My answers to Kathie are in bold…
I’ve another question. I’m still trying to get a handle on the most effective (but also economical) way to store paper items archivally.
1. Is it OK, for instance, to put paper items in archival manila folders and/or archival poly pages (all acid and lignin-free), but then put those folders and pages in nonarchival hanging files from a regular office supply store? (I’m hoping so because the archival hanging files are expensive!) Yes, once an item is enclosed, or isolated, away from “regular” or acidic materials in an impermeable material (for instance, acids from paper don’t migrate through the plastic page protectors like they do through a regular paper envelope) then they can be stored in regular office files.
2. I could really use a short primer on acid and lignin and how they travel. Acids in paper cause yellowing and embrittlement. The acids are a byproduct of the breakdown of impurities and unstable products in the paper. One of those unstable products is lignin, which is added for the mass production process. I have a 300 year old piece of paper from Italy that is as clean and strong as the day it was made… its in much different condition than the 75 year old paper from the 1930’s I have which is brittle, loosing pieces around the edge, yellowed badly etc.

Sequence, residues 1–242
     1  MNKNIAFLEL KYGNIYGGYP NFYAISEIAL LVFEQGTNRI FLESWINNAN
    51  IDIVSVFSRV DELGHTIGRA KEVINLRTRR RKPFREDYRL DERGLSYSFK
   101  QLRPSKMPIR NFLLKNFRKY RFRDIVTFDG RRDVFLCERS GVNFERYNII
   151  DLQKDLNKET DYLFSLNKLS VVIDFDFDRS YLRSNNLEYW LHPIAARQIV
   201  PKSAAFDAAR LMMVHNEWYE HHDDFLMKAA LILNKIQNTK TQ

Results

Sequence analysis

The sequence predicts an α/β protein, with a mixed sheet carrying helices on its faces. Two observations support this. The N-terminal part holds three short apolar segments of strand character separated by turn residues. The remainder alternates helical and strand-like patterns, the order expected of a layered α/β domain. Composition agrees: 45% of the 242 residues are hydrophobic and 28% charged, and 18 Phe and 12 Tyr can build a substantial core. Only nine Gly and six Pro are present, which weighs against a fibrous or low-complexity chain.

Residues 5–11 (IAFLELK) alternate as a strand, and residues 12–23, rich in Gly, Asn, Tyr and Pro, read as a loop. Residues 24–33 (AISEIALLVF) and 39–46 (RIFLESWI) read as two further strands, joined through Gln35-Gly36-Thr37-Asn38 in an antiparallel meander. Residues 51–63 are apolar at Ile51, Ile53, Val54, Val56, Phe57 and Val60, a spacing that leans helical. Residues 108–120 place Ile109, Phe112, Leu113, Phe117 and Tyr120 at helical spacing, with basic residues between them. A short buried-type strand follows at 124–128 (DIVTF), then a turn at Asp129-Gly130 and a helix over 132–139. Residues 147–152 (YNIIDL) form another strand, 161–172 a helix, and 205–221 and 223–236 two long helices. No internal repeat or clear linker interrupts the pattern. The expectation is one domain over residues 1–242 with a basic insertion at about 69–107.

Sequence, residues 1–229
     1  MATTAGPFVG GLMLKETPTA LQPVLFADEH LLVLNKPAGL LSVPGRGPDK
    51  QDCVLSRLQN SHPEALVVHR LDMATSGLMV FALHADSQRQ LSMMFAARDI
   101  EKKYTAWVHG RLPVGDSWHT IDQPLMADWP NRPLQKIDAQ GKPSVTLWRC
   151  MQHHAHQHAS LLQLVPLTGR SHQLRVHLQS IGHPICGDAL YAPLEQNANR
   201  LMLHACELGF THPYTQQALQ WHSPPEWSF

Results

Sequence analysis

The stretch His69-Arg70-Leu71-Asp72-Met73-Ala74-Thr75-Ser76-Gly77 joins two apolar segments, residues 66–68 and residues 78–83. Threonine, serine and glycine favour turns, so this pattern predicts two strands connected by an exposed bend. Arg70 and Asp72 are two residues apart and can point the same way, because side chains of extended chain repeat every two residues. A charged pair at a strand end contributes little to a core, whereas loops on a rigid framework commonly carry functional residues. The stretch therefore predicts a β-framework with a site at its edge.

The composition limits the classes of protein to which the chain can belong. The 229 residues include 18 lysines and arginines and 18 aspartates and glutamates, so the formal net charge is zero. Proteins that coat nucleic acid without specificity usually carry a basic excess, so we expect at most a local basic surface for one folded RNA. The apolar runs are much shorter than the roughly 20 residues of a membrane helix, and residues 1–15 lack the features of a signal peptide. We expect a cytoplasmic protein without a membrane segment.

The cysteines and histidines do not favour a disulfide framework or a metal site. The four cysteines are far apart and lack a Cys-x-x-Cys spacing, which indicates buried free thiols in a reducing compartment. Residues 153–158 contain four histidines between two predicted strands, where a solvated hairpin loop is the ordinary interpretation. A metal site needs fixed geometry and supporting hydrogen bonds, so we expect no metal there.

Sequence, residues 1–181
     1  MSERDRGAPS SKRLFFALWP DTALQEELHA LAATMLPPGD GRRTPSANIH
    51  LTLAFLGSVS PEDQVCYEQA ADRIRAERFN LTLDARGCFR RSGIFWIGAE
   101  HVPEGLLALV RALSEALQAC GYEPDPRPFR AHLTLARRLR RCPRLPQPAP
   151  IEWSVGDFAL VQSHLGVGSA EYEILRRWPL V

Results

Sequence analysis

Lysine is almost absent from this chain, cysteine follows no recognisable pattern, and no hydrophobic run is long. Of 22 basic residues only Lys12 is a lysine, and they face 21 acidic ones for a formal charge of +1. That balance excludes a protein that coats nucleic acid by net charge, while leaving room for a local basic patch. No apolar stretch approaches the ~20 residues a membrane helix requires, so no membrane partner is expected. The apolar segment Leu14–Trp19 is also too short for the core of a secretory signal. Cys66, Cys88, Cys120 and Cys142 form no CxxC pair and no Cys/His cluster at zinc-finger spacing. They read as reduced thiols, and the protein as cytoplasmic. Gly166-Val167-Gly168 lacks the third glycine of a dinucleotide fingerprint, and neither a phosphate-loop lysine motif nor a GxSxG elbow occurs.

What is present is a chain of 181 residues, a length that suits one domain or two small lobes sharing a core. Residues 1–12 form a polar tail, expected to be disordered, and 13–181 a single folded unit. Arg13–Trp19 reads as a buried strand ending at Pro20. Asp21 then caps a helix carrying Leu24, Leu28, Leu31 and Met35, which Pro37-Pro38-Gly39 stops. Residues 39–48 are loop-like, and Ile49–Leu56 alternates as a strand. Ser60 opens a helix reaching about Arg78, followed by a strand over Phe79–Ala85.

Once acids are present in paper, then they can contaminate any cellulose material (paper or cloth) and cause it to deteriorate, discolor etc… unless the item has an alkaline reserve! An alkaline reserve in paper is called a “buffer” and it is there to neutralize the acids should the paper be exposed.
Now, here is where maybe I’m getting into the “more than you want to know” category but I think its interesting: some materials can’t, by their nature, be acidic. So, technically, its impossible for plastic and glass to contain acids. If you see plastic advertized as acid free either they are just using buzz words that they don’t understand or they are idiots.
3. Also, for instance, if I move a paper item from a non-archival environment into an archival enclosure, will it stop further acidification? No, cause the acids are created from within the paper, not from without. Once the paper is contaminated, then putting it into an archival folder may isolate it from further contact with other acidic materials but it will still be falling apart from the acids within.
4. And if I move several items (say, 3 ads from the same old brochure) into one archival enclosure, do they all still degrade each other, in which case they should each be in a separate envelope/folder or bag? Yes, see answer to 2 and 3
Questions submitted by:
Hatfield Historical Museum